London nickel perks up as Philippine Senator eyes ore export ban

London nickel firmed on Wednesday, bucking the trend in a largely flat metals market, after a Philippine senator filed a bill urging a halt to exports of unprocessed mineral ores.

The proposed halt is similar to a ban introduced by Indonesia that led to a sharp spike in nickel prices and cut other ore exports from January. The ban in Indonesia has led stainless steel makers in China and in Japan to source more ore from the Philippines.

The move raised the spectre of further supply squeezes in a nickel market that most analysts expect to see in deficit next year, although there was little sense of whether the bill would find popular support, or any timescale on whether exports could be banned, if the bill was even signed into law.

"If we saw an export ban come into effect in the Philippines, and depending on the extent to which there is compliance, that would be bullish nickel," said analyst Lachlan Shaw of Commonwealth Bank of Australia in Melbourne.

"But one thing the market loses sight of, is that in three to four years time, there will be a very significant amount of nickel coming out of Indonesia. The nickel units will find their way into the world market, but in a different form," he added.

LME nickel traded up 0.7 percent at $18,670 a tonne. Prices, which are up by one third year to date, have traded in a mostly $18400-$20,000 band since May.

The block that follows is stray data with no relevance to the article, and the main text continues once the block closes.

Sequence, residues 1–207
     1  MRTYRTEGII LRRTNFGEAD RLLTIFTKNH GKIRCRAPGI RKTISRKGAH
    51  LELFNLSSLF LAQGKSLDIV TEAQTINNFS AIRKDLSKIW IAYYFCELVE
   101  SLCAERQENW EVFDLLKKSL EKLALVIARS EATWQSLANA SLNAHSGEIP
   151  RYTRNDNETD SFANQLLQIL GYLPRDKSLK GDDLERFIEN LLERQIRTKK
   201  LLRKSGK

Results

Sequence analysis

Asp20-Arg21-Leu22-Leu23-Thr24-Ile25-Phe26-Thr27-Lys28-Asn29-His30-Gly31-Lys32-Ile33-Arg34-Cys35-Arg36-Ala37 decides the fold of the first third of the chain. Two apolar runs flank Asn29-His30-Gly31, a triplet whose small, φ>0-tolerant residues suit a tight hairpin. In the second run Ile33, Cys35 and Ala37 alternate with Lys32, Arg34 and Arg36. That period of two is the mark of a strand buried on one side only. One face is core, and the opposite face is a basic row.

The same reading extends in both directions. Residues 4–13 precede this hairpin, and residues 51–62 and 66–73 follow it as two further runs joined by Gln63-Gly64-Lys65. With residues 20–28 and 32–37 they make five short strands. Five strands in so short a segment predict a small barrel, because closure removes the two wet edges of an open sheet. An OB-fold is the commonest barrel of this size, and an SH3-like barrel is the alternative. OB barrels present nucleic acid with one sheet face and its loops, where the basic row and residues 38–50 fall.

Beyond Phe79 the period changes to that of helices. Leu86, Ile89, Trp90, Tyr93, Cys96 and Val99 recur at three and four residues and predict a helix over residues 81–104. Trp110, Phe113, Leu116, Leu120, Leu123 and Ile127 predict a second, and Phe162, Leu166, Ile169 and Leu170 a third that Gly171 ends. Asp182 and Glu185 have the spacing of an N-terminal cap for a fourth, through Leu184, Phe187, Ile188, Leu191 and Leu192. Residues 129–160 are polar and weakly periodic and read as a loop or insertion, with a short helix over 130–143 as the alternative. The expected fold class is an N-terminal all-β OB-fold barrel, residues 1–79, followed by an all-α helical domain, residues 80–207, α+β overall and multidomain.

Among other metals, LME copper drifted on Wednesday in low volume trade, with expectations of fresh supply weighing on prices and dampening investor interest.

Newmont Mining Corp has reached a tentative agreement with the Indonesian government on contract renegotiations, the CEO of the firm's local unit said, as both sides moved closer to ending an eight-month tax dispute that halted copper exports.

"Certainly if Grasberg and Batu Hijau came back, that introduces 500,000-600,000 tonnes on an annualised basis into the market - it's certainly enough to weigh on prices," Shaw added.

LME copper slipped by 0.3 percent to $6,947.50 a tonne by 0748 GMT, after logging a small gain in the previous session. Prices have struggled to gain headway since a one-week low at $6913.25 last week.

Expectations for further policy action at the European Central Bank's meeting on Thursday were underpinning metals after ECB President Mario Draghi pledged to use all available tools to keep prices in check.

Looser policy in Europe would cheapen liquidity for industry and investors who may raise their holdings of hard assets given they tend to hold their value when paper currency depreciates.

LME aluminium hovered near its most expensive since February 2013 above $2,100 a tonne, while LME zinc was slightly down from a four-week top of $2391.25 struck the prior session.

A partial closure of capacity at an aluminium smelter in China helped to drive up domestic prices of the metal by as much as 4 percent this week, as investors scramble to compensate for an expected shortfall in supply.

In economic news, activity in China's services sector rebounded in August after a drop in July, two surveys showed on Wednesday, offseting factory-sector weakness and letting the government stick with its "targeted" policy stance to keep growth on track.

And brighter news continues from the United States where manufacturing activity hit a nearly 3-1/2-year high last month and construction spending rebounded strongly in July, signs the economy entered the third quarter on a strong footing.


Three month LME copper

Most active ShFE copper

Three month LME aluminium

Most active ShFE aluminium

Three month LME zinc

Most active ShFE zinc

Three month LME lead

Most active ShFE lead

Three month LME nickel